January 2, 2014


Happy new year! We are back with more soups than you can shake a stick at!

What better way to revive a blog than with a fresh makeover and a beautiful soup that is so much easier than the name would imply.  We noticed we did not really have any seafood recipes on this old blog, so we decided to jump into the fanciest sounding fish stew around, Bouillibaisse.  Here is our feedback on the outcome: 

Vanessa says:
Full disclosure - I'm not a huge fan of seafood and consider it my least adventurous side with it comes to eating.  Overall I think the best part of this soup was the broth.  There was something so rich about the subtle orange flavor and the saffron gave it the most beautiful color.  Even though I don't think we overcooked the fish it was still a bit rubbery for my liking, possibly because that was the only texture to the whole soup.  I found myself brainstorming ways to use this broth in other soups but without fish or maybe just less fish and other items added in.  However if you are a big seafood fan then you will think this soup is the bee's knees! 

Michelle says:
In contrast to Vanessa, I love seafood and I was excited to make this extravagant-sounding soup that I had never even eaten before.  Though it seemed a shame to strain everything out, the broth was amazing! So vibrant and fragrant, infused with citrus, herbs, and saffron.  I could have drank a gallon of this stuff.  If I made this soup again I would maybe add even more herbs, or just a different combination. Oregano seems to be used in this soup most often and when I was buying the herbs the store was out of oregano! So I grabbed tarragon and marjoram in its place.  I agree with V that the texture of this soup was not the most interesting or varied, but I still loved it. Maybe a different combo of seafood would make a difference. Adding some potatoes after straining but before adding the fish would be a good way to bulk up this soup if you did not want bread or if you just wanted a heartier stew.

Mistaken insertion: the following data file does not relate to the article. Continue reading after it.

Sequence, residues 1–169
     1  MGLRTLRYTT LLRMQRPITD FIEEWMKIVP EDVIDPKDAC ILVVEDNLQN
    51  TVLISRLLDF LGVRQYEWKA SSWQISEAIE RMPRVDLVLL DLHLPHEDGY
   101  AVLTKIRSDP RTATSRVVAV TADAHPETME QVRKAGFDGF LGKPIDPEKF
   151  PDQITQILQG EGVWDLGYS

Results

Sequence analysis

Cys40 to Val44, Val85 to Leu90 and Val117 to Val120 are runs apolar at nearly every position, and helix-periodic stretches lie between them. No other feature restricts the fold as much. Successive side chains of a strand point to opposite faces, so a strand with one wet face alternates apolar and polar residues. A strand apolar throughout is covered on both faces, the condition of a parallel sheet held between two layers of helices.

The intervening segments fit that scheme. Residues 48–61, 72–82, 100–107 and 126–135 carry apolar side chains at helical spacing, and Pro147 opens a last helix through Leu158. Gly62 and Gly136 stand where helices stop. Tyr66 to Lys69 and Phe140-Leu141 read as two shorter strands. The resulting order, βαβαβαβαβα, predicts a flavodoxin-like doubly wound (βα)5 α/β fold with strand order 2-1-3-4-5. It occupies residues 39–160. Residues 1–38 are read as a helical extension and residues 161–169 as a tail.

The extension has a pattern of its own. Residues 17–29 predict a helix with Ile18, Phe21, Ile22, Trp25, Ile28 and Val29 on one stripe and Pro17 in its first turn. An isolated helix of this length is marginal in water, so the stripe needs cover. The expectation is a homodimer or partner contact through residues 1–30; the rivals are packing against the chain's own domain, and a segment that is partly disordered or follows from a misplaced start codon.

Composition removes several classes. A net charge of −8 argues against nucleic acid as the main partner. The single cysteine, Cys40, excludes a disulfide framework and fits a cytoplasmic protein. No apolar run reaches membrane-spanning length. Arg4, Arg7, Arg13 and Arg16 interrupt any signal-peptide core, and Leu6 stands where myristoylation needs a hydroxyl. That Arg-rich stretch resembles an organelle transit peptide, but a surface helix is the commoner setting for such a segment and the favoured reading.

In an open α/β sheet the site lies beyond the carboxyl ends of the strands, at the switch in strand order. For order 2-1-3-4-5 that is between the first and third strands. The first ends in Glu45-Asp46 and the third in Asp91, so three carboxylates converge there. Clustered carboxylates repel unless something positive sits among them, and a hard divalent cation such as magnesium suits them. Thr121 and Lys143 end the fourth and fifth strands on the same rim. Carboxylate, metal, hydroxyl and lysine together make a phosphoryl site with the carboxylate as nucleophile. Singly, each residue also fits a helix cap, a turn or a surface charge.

2013-12-29 Bouillabaisse 004

We used this recipe from Steamy Kitchen as a starting point, and here is the recipe as we made it:

Serves 6

3 tablespoons olive oil
1 leek, white and light green parts only, chopped
1 onion, chopped
2 cloves garlic, minced
peel of 1 orange (a vegetable peeler works great)
3 tomatoes, chopped
1/3 cup chopped fennel bulb (reserve fronds for garnish)
a bunch of fresh herbs (we used parsley, thyme, tarragon, and marjoram)
1/2 teaspoon saffron threads, crushed
10 cups fish stock (see original post for help making your own fish stock)
1 cup dry white wine
1 tablespoon sea salt
3 pounds of assorted fish and shellfish (clams and mussels scrubbed clean). We used 1 lb clams, 1 lb petrale sole, 1/2 lb prawns, and 1/2 lb sea scallops. Other options would be salmon, lobster, crab, mussels, bass, etc.

Seriously isn't this the most gorgeous pile of ingredients?? The fish was also beautiful and I am a little sad we did not take a proper photo of it, especially the clams!
2013-12-29 Bouillabaisse 001

1. In a large stockpot, heat the olive oil on medium heat.  When hot, add the leek, onion, and garlic.  Saute for 5 minutes until onions are softened but not brown.

2. Add to the pot the orange peel, tomatoes, fennel bulb, fresh herbs, saffron, wine, fish stock, and salt.  Turn the heat to high and bring to a boil.  Then turn the heat to low and simmer for 30 minutes.  Strain the soup into another large pot.

3.  Bring the strained soup to a boil over medium high heat.  Taste the broth at this point and add additional salt if needed.  The soup should be slightly salty, as this adds to the flavor of the fish.

4. Add in the seafood, adding in the items that require the most cooking time first.  If you have whole lobster tails or large crab claws, add them in first and give them a 2 minute head start.  Clams come next, then mussels and extra large shrimp, lastly the fish, scallops, and any smaller shrimp.  Be careful not to overcook the seafood. This should take about 4 to 5 minutes and then turn off the heat.

5.  Ladle this glorious soup into each bowl with the seafood and garnish with fresh fennel fronds.  Ooh and aah as you slurp. And don't forget to get some delicious rustic bread to dunk in the broth!

Here is a quick video of how this process went:


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